“The comments given by John Gibson are of his own opinion, and do not reflect those of Tripwire Interactive as a company,” the company said. “His comments disregarded the values of our whole team, our partners and much of our broader community. Our leadership team at Tripwire are deeply sorry and are unified in our commitment to take swift action and to foster a more positive environment.”

“Effective immediately, John Gibson has stepped down as CEO of Tripwire Interactive,” the statement added. “Co-founding member and current Vice President, Alan Wilson, will take over as interim CEO. Alan has been with the company since its formation in 2005 and is an active lead in both the studio’s business and developmental affairs. Alan will work with the rest of the Tripwire leadership team to take steps with employees and partners to address their concerns including executing a company-wide town hall meeting and promoting open dialogue with Tripwire leadership and all employees. His understanding of both the company’s culture and the creative vision of our games will carry the team through this transition, with full support from the other Tripwire leaders.”




8 September, 2021

Australian media outlets lose High Court appeal over Facebook defamation ruling

<i>This will impel a huge upsurge in censorship as companies try to protect themselves</i>

The High Court has ruled that media outlets are legally responsible as “publishers” for third parties’ comments on their Facebook pages, in a decision with implications for other organisations and people with social media accounts.

The Court of Appeal ruled in June last year that news outlets including The Sydney Morning Herald and The Australian were liable as publishers of readers’ Facebook comments about Northern Territory youth detainee Dylan Voller because they encouraged and facilitated the comments by setting up public Facebook pages.

The media outlets lodged a High Court appeal. In a decision on Wednesday, the court dismissed the appeal and ordered the organisations to pay Mr Voller’s legal costs.

Chief Justice Susan Kiefel and Justices Patrick Keane and Jacqueline Gleeson said in a joint judgment that “the Court of Appeal was correct to hold that the acts of the [media outlets] in facilitating, encouraging and thereby assisting the posting of comments by the third-party Facebook users rendered them publishers of those comments”.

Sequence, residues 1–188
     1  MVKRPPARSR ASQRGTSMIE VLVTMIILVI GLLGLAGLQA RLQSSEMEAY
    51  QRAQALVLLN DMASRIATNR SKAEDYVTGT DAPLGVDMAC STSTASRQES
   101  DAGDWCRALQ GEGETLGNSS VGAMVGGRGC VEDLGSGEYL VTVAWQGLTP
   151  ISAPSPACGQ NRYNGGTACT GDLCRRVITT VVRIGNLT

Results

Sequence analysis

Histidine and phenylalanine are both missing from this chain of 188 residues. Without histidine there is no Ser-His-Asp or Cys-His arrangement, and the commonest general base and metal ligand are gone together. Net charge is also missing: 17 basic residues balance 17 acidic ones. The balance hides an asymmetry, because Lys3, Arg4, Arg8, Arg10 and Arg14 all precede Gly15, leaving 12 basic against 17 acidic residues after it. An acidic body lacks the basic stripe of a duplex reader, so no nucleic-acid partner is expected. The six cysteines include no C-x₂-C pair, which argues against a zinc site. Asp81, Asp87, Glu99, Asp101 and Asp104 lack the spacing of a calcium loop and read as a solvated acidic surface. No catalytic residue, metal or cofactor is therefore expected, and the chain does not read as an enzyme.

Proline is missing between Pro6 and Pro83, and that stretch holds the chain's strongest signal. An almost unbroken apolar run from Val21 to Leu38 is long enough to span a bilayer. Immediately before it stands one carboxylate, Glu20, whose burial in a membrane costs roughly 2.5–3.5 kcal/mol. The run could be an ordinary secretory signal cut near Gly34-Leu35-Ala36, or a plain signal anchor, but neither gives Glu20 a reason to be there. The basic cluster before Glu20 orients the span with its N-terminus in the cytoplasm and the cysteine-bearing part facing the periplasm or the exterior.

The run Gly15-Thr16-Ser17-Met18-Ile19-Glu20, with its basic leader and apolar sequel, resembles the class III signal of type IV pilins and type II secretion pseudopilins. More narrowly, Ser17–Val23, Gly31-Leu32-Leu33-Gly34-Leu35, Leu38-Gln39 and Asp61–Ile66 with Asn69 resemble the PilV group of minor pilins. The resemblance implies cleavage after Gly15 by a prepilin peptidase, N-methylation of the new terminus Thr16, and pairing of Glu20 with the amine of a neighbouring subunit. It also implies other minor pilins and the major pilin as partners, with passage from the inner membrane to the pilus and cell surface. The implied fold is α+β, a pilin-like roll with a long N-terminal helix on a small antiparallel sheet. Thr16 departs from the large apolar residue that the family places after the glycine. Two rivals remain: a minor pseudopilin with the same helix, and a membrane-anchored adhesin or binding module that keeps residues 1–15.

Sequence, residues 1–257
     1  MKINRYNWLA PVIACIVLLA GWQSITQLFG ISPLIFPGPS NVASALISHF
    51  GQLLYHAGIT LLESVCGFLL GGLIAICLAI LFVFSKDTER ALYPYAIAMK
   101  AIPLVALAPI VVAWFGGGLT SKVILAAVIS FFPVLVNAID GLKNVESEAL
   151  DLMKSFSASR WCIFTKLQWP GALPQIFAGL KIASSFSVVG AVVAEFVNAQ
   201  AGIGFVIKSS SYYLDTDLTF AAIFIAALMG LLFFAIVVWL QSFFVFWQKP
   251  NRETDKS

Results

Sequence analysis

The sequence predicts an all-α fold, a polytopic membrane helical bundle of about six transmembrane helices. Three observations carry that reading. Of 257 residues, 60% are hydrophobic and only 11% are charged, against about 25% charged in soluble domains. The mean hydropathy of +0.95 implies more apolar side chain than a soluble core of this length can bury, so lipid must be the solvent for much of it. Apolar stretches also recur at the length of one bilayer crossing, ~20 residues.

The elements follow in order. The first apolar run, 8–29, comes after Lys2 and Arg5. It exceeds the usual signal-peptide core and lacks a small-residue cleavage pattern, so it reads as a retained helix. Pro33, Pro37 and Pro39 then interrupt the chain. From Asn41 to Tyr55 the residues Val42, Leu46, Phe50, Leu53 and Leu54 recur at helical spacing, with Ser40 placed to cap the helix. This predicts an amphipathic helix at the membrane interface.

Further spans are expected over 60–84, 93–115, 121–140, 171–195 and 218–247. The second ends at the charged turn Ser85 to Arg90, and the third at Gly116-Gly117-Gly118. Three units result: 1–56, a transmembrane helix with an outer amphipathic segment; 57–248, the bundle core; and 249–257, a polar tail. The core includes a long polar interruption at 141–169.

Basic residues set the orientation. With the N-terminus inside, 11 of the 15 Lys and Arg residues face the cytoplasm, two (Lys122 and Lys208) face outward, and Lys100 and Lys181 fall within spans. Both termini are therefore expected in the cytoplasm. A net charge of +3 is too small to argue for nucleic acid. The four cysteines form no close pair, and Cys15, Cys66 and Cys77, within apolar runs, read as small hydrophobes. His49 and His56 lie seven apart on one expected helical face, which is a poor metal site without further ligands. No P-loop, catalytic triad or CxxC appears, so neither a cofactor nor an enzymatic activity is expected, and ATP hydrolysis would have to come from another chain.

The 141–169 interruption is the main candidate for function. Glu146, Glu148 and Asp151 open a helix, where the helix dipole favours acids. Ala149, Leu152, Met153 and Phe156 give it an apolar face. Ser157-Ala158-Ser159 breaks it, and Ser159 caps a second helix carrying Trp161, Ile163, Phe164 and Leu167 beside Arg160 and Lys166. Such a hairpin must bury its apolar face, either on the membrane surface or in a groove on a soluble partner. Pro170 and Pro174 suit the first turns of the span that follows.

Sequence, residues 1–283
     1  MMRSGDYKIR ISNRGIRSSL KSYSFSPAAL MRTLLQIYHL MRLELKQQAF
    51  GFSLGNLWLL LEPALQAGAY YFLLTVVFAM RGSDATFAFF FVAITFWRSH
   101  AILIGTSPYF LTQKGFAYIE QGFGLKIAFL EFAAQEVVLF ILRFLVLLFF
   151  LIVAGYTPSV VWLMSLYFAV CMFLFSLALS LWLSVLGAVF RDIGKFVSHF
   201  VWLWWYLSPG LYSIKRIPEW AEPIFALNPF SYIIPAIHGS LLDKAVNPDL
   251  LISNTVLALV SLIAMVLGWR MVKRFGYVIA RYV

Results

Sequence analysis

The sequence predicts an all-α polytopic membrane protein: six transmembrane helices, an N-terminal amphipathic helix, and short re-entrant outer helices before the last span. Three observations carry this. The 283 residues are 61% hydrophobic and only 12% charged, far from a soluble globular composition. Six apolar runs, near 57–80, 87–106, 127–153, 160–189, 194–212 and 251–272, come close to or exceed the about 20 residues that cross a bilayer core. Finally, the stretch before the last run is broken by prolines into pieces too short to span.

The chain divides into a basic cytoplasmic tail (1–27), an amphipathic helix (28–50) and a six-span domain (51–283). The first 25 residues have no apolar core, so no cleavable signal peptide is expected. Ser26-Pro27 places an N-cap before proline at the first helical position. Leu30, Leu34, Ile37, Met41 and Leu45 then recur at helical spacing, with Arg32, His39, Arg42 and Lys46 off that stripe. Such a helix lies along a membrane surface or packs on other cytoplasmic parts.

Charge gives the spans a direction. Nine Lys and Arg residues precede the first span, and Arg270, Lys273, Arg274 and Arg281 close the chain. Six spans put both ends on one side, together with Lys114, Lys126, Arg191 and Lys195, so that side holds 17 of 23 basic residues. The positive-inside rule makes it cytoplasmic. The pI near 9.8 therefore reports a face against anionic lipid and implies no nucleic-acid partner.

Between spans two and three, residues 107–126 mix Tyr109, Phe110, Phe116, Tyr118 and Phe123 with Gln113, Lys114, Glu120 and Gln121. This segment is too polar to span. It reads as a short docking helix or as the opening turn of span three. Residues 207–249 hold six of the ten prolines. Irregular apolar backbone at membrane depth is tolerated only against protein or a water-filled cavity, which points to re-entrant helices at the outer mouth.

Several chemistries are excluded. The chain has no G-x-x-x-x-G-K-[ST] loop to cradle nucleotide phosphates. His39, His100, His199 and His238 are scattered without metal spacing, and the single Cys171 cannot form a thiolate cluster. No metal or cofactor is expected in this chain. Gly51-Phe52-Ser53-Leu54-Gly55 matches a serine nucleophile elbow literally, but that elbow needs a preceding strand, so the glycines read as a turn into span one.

It has long been the case in defamation law that a person can become liable for the continued publication of defamatory comments by unauthorised third parties on physical walls or noticeboards controlled by them once they become aware of the comments and fail to remove them.

The NSW Court of Appeal said media outlets were in a different position and were legally responsible as publishers “from the outset” because they “encouraged and facilitated” the comments by having public Facebook pages. The court said it was immaterial that they deleted the comments once becoming aware of them.

At the time the comments were published, Facebook did not allow the hosts of public pages to pre-emptively turn off all comments on posts, although any comment could be deleted after the fact.

Facebook has since rectified this issue and given the hosts of public pages more control over comments.

In a separate judgment, High Court Justices Stephen Gageler and Michelle Gordon said: “Where ... the operator of an ‘electronic bulletin board’ posts material with the intention that third parties will comment on the material posted, the operator cannot escape being a publisher of the comments of those third parties.

“The most appropriate analogy is with live television or talkback radio.”

Justices Gageler and Gordon said the media outlets’ “attempt to portray themselves as passive and unwitting victims of Facebook’s functionality [because they could not disable comments] has an air of unreality”.

“Having taken action to secure the commercial benefit of the Facebook functionality, the appellants bear the legal consequences,” the judges said.

Whether the media outlets are publishers of the comments was a preliminary issue in the case.

Now that the High Court has established that the media outlets are publishers, the case will return to the NSW Supreme Court for a trial on the remaining issues, including whether the comments in fact defamed Mr Voller and if any defences apply.